A staggering fact in the Universal Credit chaos just emerged
New research has plunged Universal Credit into further chaos. It involves the debate around the £20 a week uplift. A charity has claimed that without this, Universal Credit will be worth less than in 2013.
But The Canary has done its own research. And we’ve found that the problems with the Department for Work and Pensions’ (DWP) flagship benefit and the uplift are actually worse than even this new research thought. Because some people could be nearly £440 a month worse off than before.
DWP and the Treasury: at war
In April 2020, the DWP increased the rate of Universal Credit by around £20 a week. But ever since then, uncertainty has existed over what will happen this April. Now we know the Tories are ending this increase in April, and people will see a £20 per week cut to their payments.
Chaos has ensued in government. At first, chancellor Rishi Sunak talked about giving Universal Credit claimants a one-off £500 payment. Then, he was allegedly thinking about making this £1,000. But the DWP boss Thérèse Coffey ‘slapped down‘ Sunak’s idea. She said it was not her department’s “preferred approach”, but did not say what the DWP’s answer would be.
On 9 February, the Work and Pensions Select Committee warned of a rise in poverty not seen since the 1980s if the government did not keep the uplift. And now, research has further strengthened the argument for keeping the extra £20 a week.
Universal Credit: worth less than in 2013
Citizens Advice Scotland (CAS) has done some calculations. It has looked at the standard allowance rates. These are fixed amounts the DWP pays people depending on their circumstances. It was this part that the government increased by £20 a week. CAS has worked out how much the allowance is worth in real terms; that is, what the actual amount of money the DWP pays is worth when you factor in inflation. It said that, if the government removes the £20 a week uplift, then across all circumstances the standard allowance will be worth less in real terms than it was in 2013:
CAS is calling for the government to keep the uplift. It noted some case studies of how a reduction in Universal Credit would affect people:
A West of Scotland CAB reports of a client with a young baby facing financial difficulties as a result of unexplained deductions to her benefits. Client’s deductions are around £50 a month, meaning removal of the uplift will push her into more severe hardship.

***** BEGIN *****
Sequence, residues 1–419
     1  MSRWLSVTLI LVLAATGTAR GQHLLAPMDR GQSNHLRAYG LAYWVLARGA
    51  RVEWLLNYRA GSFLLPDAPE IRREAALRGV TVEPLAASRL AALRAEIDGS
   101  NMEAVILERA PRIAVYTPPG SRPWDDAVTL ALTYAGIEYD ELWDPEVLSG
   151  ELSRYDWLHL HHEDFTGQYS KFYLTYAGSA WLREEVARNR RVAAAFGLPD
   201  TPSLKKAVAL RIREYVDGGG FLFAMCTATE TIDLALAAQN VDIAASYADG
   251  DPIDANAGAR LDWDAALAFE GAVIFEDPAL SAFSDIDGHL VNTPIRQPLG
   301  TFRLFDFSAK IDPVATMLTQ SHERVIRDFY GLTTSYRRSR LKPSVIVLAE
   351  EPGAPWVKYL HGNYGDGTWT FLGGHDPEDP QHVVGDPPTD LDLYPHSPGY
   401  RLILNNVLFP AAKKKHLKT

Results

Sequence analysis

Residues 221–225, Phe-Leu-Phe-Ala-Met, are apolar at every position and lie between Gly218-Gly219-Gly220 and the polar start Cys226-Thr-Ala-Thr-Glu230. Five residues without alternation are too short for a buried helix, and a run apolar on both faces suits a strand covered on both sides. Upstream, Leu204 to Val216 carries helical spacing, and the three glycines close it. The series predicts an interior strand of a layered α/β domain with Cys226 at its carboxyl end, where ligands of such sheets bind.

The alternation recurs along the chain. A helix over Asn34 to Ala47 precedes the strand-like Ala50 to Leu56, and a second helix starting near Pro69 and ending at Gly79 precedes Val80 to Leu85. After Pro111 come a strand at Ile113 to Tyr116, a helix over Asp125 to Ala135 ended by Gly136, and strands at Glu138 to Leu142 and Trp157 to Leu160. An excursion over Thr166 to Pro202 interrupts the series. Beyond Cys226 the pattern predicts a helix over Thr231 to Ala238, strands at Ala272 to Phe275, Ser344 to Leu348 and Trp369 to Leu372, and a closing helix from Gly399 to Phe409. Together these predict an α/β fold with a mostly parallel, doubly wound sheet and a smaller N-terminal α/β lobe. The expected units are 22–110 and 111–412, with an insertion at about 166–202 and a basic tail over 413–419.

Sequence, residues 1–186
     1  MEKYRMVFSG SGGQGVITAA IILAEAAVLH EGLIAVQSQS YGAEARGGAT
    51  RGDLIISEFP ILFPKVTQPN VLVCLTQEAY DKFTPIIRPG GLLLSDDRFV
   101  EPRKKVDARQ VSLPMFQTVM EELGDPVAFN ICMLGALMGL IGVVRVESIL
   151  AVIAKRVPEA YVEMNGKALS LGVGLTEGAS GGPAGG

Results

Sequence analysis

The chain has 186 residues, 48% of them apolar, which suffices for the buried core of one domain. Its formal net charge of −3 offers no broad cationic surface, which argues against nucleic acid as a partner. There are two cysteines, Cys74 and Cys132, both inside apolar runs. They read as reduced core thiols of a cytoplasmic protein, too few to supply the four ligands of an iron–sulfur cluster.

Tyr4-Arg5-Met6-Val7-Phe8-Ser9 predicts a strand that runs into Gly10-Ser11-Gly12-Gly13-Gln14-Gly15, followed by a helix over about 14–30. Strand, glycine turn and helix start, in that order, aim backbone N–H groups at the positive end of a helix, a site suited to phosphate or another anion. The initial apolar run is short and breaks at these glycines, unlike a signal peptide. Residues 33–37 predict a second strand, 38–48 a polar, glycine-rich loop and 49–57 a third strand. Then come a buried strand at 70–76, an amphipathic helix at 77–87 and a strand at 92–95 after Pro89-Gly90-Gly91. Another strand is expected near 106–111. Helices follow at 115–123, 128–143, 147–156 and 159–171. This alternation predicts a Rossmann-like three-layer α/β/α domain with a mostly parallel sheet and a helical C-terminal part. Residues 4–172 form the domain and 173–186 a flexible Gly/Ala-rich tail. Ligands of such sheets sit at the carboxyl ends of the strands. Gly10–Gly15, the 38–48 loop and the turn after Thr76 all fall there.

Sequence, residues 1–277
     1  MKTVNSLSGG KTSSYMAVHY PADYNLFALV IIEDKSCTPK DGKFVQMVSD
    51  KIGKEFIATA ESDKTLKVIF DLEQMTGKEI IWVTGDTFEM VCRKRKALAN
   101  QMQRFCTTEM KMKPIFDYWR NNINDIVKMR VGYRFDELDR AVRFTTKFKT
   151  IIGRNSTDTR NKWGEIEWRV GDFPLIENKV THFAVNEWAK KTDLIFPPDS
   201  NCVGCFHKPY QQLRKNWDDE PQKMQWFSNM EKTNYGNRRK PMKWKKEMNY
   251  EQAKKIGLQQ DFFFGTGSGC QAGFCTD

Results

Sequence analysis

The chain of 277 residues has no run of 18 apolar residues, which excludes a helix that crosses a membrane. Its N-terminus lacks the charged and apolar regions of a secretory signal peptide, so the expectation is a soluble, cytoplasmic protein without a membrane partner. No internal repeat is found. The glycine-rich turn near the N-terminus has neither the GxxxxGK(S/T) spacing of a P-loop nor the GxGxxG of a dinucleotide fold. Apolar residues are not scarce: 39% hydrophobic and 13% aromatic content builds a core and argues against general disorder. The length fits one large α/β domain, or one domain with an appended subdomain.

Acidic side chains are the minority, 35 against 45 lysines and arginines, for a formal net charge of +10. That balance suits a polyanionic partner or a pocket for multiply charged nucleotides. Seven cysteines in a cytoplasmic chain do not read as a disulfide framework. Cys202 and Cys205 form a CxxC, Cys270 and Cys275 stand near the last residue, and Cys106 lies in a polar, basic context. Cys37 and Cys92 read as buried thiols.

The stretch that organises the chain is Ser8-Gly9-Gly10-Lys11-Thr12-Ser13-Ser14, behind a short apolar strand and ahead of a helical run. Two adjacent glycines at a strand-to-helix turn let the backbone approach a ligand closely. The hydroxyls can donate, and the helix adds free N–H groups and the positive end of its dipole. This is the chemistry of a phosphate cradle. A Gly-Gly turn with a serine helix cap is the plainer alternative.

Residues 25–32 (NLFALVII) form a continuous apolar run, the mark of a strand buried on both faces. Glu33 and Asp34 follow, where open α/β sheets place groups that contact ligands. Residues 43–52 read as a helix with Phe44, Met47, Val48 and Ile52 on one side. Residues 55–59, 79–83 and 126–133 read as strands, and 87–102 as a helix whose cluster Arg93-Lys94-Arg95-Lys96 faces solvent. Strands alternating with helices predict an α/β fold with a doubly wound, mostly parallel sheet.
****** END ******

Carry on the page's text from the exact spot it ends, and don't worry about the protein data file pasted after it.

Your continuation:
An East of Scotland CAB reports of a client moved over to UC as she would be £12 a week better off than on legacy benefits. Cutting the £20 a week UC uplift will make her materially worse off than she was pre-pandemic.
But CAS has missed another point about the uplift. Because it hasn’t calculated the effects of inflation on overall payments; not just on the standard allowance.
Canary number crunching
The Canary has crunched the numbers. DWP figures for mean (average) overall Universal Credit payments only go back to 2015. But as its figures show, couples with children already on average got less money in August 2020 than they did in August 2015. This is with the uplift:
Then, factor inflation into these figures. The results are shocking.
This would mean that:
- Lone parents are £137 a month worse off. Without the uplift, this would go up to around a £217 a month loss (based on four calendar weeks, without inflation).
- Couples with children are £359 a month worse off. Without the uplift, the figure is around £439.
- Couples with no children are £8.31 a month worse off. Without the uplift, this is around £88.
The only group which is better off now than in 2015 is single people with no children; to the tune of £144 a month. But even this is reduced to just £64 if you take off the uplift.
All this is without even touching on the around 1.5 million claimants of things like Employment and Support Allowance (ESA). The government hasn’t given any extra support to these people at all during the pandemic.
Universal Credit has been a disaster from the start. And while an extra £20 a week is crucial, it’s just a tweak in a system that’s already broken. Entrenched poverty and inequality are now a systemic fault in our social security system. No amount of tinkering around the edges with £20 here and there is going to solve that.
Featured image via geralt – pixabay, Wikimedia and Wikimedia
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